The United Kingdom’s departure from the European Union presents the former with the great prospect to exercise a fully independent trade policy for the first time in over forty years. In practice, a Brexit that removes the UK unreservedly out of the EU’s Single Market, Customs Union, and more importantly, the EU’s inflexible regulatory regime, would allow any future British Government the complete scope to negotiate comprehensive free trade agreements with nations across the world. Under these circumstances, Britain would be able to flexibly position itself to take advantage of future global economic growth, ninety percent of which, according to the EU Commission’s own report, come outside of the bloc.
Of those nations outside of the European Union that is predicted to contribute significantly world-wide economic growth, is the United States.
‘Largest trading partner’
Currently, the US is the UK’s largest single-country trade partner, and while the Confederation of British Industry (CBI) estimates the value of the relationship to be £160 billion, UK trade with the US accounts for 19.7% and 11.1% of the UK’s total exports and total imports respectively.
More noteworthy, is the very high level of investment undertaken by both trade partners in each other’s economies. The UK is the single largest investor in the United States as British companies invest over $570 billion every year, directly sustaining 1.1 million American jobs in every state and almost every industry.
At IEA free trade deal launch attended by many top Tory Brexiters Shanker Singham says that Chequers’ common rule book is seen in the US Trade Representative office as precluding a US-UK trade deal, same with Trans Pacific Partnership now known as CPTPP pic.twitter.com/WlpdhGSRti
— Faisal Islam (@faisalislam) 24 September 2018
Conversely, the United States is the largest source of inward investment in the United Kingdom, which also too directly sustains over one million British jobs. According to both UK and US trade authorities, the UK and US have around $1 trillion invested in each other’s economies.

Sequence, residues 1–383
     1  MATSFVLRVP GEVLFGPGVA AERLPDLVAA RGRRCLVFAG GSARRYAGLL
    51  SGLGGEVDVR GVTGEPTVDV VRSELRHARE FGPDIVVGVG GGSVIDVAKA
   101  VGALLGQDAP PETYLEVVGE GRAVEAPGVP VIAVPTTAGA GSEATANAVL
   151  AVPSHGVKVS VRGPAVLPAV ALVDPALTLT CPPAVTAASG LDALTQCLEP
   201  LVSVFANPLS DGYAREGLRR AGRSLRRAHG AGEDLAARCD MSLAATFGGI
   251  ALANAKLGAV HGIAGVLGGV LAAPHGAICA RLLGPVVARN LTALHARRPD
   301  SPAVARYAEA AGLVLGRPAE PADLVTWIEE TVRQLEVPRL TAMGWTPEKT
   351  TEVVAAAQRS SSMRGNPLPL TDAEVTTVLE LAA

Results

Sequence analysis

What is startling is that this deep trading relationship, creative and sustaining of over two million jobs, has been achieved, in most part, under WTO rules. Trade therefore between the two countries is not tariff free and while the EU has attempted to negotiate a free trade agreement, it has proved a fruitless exercise that has denied the UK the opportunity to further benefit from closer economic ties with the United States.
Brexit with free trade or supercalifragilisticexpialidocious Canada. https://t.co/Dnd7BI74QT
— Jacob Rees-Mogg (@Jacob_Rees_Mogg) 24 September 2018
However, it is not only under the EU’s auspices that the UK has not been able to advance its trading relations with the United States. The plans submitted under the UK Government’s White Paper, dubbed ‘Chequers’, entails measures that would inhibit a comprehensive UK-US free trade agreement from being negotiated. Chequers’ commitment to a common rulebook on goods and, more saliently, agri-foods, would most certainly be an effective veto to an agreement. Hypothetically, a UK-US comprehensive free trade agreement under Chequers would mean UK negotiators seeking to have their US counterparts to acquiesce to EU rules for any goods or agricultural items they wish to sell to UK consumers. The measures in the Chequers proposal is a red line for the United States.
So, while Chequers would prevent a UK-US trade agreement from being reached, Plan A+ promises no common rulebook or any regulatory alignment on trade. Therefore, British negotiators would have a flexible hand to position the UK in most advantageously to reap the benefits of a comprehensive UK-US free trade agreement. Indeed, this does not mean the UK would be forced to compromise on specific domestic interests such as the involvement of American firms in the delivery of NHS services, but that our Government and trade negotiators would have a wide and complete hand to maximise the opportunities to benefit from global economic growth.
A comprehensive UK-US free trade agreement is estimated to increase annual bilateral trade from £167 billion to £207 billion by 2030, and in the view of some trade experts, have the effect of increasing UK gross domestic product by 2-3% and boost further investor confidence in the trading relationship.